Can't wait to see where this thread goes next. Maybe a classic Whaler armed with cruise missles & a GPS thats positional data is only good to plus or minus 11 feet.
WoW (semi-shout) ..... one last idea. Maybe someone can find a way to incorporate the ongoing Boozin & Cruisin Foodfight Thread into the story!
posted 09-09-2006 11:15 PM ET (US)
When inanimate objects are formed into a measuring device, the designer of the device imparts his intellect into the device. That is how the device is able to deduce the measured quantity from the physical action that occurs. This is especially true when the device contains a processor which executes stored code instructions. The intellect needed to make the measurement is stored in the code.
You can say that a anemometer measures the wind speed by rotating in proportion to the speed of the wind. When that rotation is connected to a gauge and a pointer that show the wind speed on a scale, it is the intellect of the person who designed the instrument that measures the speed.
That is how the speed is deduced from the measurement of pressure differential. It is not a direct measurement of speed at all. The speed has to be calculated or deduced from the pressure differential.
posted 09-10-2006 07:26 AM ET (US)
Wow, what an elitist view of measurement techniques :-)
Also do not forget the Heisenberg uncertainty principle, which has an important corrolary that it is impossible to measure something without perturbing what you are measuring. In this case some of the forward energy of the boat is being diverted to apply pressure into the pitot tube. So if you have identical boats and identical engines, but one has a speed-over-water measurement device and the other does not, then the former will go slower.
posted 09-10-2006 09:06 AM ET (US)
I am surprised at the trend the discussion has taken. The topic now seems to be more on the course of the discussion itself--a sort of meta-discussion--than on the original discussion, the accuracy of GPS speed measurements. But I won't put a stopper on it, it is sort of fun. Let's see how the critics are doing:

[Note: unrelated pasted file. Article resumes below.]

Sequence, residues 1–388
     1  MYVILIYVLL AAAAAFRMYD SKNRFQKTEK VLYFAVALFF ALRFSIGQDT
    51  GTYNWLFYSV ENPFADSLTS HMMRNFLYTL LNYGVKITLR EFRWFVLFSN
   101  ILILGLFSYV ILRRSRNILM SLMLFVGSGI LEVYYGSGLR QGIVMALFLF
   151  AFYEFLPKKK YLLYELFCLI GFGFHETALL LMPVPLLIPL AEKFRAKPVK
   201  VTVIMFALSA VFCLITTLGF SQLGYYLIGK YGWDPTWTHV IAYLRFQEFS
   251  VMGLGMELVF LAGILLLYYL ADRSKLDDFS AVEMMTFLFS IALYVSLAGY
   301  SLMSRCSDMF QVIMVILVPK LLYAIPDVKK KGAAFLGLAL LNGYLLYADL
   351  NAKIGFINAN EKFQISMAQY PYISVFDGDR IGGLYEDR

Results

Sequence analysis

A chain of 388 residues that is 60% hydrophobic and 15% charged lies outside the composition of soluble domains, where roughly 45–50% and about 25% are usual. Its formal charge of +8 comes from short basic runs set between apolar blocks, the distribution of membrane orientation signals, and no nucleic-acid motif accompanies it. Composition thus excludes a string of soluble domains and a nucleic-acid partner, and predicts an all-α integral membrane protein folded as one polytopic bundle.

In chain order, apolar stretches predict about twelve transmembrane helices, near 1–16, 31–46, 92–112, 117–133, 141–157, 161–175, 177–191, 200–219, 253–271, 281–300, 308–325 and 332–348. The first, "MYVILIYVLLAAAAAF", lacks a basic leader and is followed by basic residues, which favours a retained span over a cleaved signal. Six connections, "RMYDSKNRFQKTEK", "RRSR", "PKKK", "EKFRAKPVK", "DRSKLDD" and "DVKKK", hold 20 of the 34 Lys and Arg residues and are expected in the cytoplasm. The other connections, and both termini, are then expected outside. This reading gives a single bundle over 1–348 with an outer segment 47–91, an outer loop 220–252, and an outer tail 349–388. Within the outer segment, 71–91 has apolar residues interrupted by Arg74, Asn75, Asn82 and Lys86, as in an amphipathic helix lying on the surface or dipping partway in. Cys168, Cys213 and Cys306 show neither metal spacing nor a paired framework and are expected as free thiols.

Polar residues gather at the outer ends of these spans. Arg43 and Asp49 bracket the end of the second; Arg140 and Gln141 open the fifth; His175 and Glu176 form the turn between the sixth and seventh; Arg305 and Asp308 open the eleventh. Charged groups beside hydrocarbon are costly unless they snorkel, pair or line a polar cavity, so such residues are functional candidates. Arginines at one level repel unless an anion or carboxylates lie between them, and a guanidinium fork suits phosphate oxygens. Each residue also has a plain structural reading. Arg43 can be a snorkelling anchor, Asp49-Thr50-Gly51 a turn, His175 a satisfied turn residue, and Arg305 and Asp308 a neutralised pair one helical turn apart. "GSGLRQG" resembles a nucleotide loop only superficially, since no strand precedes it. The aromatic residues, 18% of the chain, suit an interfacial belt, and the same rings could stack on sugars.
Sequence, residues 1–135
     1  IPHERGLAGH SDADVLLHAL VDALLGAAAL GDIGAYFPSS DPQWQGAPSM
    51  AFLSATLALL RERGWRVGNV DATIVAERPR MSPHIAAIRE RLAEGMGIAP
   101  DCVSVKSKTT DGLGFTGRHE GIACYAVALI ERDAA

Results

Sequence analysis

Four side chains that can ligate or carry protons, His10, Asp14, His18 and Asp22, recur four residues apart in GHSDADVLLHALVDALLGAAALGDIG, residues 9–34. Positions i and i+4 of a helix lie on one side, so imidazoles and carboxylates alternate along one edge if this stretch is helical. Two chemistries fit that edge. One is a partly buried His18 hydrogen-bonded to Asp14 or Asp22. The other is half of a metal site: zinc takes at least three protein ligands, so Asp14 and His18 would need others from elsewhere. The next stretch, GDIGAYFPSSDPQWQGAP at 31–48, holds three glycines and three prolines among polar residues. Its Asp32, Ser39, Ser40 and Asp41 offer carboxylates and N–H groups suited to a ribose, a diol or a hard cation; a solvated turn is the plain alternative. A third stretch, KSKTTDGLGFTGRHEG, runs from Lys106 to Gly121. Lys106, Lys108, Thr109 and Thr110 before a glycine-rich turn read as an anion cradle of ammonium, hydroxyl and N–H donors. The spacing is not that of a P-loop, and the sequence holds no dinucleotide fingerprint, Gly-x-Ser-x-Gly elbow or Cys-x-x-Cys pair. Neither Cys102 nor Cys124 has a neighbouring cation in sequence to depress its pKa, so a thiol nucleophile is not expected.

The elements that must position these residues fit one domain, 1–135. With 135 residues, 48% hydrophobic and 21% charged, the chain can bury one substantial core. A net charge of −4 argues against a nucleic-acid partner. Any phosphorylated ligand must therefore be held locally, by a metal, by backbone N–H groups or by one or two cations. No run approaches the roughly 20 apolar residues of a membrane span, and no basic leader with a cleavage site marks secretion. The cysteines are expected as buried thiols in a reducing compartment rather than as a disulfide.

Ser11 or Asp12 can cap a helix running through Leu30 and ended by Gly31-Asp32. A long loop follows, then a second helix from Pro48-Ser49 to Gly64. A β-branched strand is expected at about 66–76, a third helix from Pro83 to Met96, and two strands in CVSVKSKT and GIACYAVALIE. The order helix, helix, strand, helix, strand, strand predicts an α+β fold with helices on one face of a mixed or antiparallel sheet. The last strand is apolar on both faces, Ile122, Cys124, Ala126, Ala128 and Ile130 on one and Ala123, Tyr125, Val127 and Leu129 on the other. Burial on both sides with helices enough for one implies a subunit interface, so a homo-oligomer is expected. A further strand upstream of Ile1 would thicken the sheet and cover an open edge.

"Let me see if I have this straight: two boats are travelling at different speeds measured on different speed measuring devices and someone is at a loss to explain why the readings are different?"
This analysis was going well right up to the point where the critic wrote
"...and someone is at a loss to explain why the readings are different?"
No, there is no lack of understanding why the measurements are different. This is the entire focus of the inquiry. Let me explain:
The underlying assumption has been that measurements of speed by GPS techniques were very accurate, so much so that it was folly to question them. An example was provided in which there was a gross error in measurement of speed via GPS techniques. Further investigation allowed for the discovery that the error was not due to variation in GPS accuracy at all, but was caused by another situation. It remains for further testing to discover if two GPS units will measure the same speed for the boats involved in the test.
Next we have a summation of the thread which speculates on where it will go next. This critic correctly summarizes that the discussion of the thread has been changing, however, in terms of his prediction on where the next topic of the thread would turn, this critic is in error. He fails to anticipate that the next topic of the thread would become a discussion of its critics.